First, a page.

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A Model for Electromagnetic Control of Buoyancy Driven Convection in Glass Melts

C. Giessler1, C. Sievert2, U. Krieger1, B. Halbedel1, D. Huelsenberg1, U. Luedke2, A. Thess1,2,3

Department of Mechanical Engineering
Department of Electrical Engineering, Ilmenau University ofTechnology, P. O. Box 100565, 98684 Ilmenau, Germany
corresponding author:

Fluid Dynamics & Materials Processing 2005, 1(3), 247-266.


Buoyancy driven motion of a highly viscous electrically conducting fluid under the influence of Lorentz forces is investigated theoretically and experimentally. This problem is relevant to the processing of glass, where it is of considerable interest to know whether electromagnetic forces can effectively improve mixing and help to avoid undesired flow patterns in glass melting furnaces. Two highly simplified models are proposed in which the fluid is assumed to be confined in a circular loop containing several localized resistive heating, convective cooling, and electromagnetic forcing elements. The first model is used to derive the scaling laws of the mean velocity and maximum temperature depending on the electric current density and magnetic field. The predictions of this model are found to be in agreement with numerical simulations and with experiments in a small-scale glass melting furnace. Using the second model which contains two cooling elements we demonstrate that the steady-state velocity in the general case is determined by a single nonlinear algebraic equation whose bifurcation structure reveals an unexpectedly subtle influence of the Lorentz force on buoyancy driven convection. It is shown that the system undergoes a transition from a nearly stably stratified "slow" mode for weak Lorentz forces, in which the velocity v and temperature θH scale with the electric current density J0 as v ~ const. and θH ~ J02 to a "fast" mode for strong Lorentz forces in which the scaling on the magnetic field B0 is v ~ J0B0 and θH ~ J04/3B0-2/3. In a wide range of parameters this transition depends discontinuously on the magnetic field and has the character of a subcritical bifurcation involving hysteresis. The scaling laws imply that already a comparatively weak electromagnetic force can strongly modify buoyancy driven convection. The consequences of this finding for electromagnetic control of glass melting processes are briefly discussed.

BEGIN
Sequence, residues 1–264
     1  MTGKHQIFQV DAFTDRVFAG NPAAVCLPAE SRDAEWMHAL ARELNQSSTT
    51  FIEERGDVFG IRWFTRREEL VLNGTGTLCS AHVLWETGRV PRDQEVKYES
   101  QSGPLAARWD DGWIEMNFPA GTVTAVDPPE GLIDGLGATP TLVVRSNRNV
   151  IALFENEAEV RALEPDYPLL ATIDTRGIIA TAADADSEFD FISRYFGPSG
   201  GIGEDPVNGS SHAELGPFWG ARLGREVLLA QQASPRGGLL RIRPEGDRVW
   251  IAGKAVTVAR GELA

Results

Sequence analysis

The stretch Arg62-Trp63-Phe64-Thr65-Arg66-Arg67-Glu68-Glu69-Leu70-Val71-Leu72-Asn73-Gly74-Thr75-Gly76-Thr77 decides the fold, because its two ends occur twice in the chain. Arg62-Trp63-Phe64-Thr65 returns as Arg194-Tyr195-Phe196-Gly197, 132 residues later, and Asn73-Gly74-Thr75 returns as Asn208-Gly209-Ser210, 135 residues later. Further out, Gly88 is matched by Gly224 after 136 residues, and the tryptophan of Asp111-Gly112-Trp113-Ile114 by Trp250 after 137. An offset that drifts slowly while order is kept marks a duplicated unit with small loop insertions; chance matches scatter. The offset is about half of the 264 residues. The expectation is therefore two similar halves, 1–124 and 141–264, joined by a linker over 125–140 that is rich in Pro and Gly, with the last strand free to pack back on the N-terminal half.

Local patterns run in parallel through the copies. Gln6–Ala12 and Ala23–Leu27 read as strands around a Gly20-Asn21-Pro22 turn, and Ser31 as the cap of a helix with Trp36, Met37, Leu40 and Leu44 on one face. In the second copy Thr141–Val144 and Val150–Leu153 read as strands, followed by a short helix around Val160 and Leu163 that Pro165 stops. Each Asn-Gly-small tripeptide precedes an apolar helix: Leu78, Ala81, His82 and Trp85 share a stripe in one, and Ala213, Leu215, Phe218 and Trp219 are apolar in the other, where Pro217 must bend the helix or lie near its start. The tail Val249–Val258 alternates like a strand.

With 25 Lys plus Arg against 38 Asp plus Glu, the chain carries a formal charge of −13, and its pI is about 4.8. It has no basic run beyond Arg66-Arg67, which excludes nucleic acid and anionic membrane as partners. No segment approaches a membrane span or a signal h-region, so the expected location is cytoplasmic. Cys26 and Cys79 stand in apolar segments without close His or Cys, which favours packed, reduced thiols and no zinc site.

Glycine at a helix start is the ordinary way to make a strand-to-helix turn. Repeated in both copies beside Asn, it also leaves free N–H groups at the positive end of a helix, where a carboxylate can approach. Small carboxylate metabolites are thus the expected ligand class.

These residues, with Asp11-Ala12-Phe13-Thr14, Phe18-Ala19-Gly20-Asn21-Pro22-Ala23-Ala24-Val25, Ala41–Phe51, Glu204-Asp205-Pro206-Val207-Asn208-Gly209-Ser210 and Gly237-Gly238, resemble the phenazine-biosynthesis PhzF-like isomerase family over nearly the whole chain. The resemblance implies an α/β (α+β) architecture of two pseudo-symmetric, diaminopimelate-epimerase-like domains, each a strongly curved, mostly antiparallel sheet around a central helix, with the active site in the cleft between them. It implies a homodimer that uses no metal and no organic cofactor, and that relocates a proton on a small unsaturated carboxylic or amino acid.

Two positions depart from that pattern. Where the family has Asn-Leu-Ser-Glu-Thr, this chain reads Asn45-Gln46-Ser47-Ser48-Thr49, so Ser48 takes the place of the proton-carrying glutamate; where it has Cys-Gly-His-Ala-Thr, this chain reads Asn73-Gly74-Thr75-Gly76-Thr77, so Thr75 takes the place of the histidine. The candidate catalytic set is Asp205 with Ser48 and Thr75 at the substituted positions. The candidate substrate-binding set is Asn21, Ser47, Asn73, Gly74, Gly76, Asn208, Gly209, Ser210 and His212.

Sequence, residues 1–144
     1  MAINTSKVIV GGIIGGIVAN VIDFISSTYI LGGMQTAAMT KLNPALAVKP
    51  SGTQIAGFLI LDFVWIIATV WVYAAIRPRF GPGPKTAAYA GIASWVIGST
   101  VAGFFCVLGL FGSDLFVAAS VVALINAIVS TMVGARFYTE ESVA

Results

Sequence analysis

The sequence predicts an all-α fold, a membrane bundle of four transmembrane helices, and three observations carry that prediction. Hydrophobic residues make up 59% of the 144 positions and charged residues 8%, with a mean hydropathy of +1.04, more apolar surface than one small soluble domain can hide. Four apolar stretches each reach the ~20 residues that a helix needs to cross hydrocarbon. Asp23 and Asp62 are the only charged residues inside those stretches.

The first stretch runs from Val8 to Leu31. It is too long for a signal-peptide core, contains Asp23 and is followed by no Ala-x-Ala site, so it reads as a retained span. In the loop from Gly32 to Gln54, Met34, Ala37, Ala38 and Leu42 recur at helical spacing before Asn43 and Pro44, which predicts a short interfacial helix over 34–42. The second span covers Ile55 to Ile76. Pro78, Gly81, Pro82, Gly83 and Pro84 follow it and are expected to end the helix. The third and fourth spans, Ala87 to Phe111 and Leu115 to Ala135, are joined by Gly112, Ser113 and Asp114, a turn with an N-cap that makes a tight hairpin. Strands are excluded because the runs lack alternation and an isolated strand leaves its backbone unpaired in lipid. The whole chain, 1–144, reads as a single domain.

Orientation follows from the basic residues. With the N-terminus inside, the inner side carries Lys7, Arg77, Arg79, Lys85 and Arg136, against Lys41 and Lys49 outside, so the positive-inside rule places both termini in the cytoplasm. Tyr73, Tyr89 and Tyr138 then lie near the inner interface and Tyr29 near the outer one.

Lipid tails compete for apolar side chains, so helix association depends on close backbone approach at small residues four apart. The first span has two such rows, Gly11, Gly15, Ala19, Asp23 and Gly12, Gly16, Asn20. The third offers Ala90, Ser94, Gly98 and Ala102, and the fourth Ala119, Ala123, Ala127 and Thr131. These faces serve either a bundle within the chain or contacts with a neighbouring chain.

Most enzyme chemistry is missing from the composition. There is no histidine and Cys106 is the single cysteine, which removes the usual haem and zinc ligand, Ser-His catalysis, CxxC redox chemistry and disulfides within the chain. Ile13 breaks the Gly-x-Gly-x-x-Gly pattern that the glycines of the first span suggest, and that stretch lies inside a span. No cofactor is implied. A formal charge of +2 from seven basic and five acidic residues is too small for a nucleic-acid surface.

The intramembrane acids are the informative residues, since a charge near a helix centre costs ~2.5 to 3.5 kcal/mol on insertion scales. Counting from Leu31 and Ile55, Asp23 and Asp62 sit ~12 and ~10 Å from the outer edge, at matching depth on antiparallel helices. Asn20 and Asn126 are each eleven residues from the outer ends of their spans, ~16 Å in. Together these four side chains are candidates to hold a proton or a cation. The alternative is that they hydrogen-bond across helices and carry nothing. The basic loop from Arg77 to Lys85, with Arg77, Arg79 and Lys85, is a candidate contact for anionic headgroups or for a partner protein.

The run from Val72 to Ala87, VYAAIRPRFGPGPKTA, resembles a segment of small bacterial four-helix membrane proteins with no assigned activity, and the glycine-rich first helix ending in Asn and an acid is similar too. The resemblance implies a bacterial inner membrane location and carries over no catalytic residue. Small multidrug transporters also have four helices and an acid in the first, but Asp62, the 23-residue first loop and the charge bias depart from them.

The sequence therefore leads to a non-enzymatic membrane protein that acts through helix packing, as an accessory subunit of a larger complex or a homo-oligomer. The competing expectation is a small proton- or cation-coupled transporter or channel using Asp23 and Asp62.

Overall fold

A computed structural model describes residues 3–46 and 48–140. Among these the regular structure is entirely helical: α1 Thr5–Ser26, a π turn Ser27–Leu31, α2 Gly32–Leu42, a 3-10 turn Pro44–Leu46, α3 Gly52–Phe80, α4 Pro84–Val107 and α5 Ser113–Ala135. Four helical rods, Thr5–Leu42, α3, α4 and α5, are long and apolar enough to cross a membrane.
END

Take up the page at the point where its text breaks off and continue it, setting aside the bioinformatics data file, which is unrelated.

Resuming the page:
Cite This Article

Giessler, C., Sievert, C., Krieger, U., Halbedel, B., Huelsenberg, D. et al. (2005). A Model for Electromagnetic Control of Buoyancy Driven Convection in Glass Melts. FDMP-Fluid Dynamics & Materials Processing, 1(3), 247–266.

This work is licensed under a Creative Commons Attribution 4.0 International License , which permits unrestricted use, distribution, and reproduction in any medium, provided the original work is properly cited.
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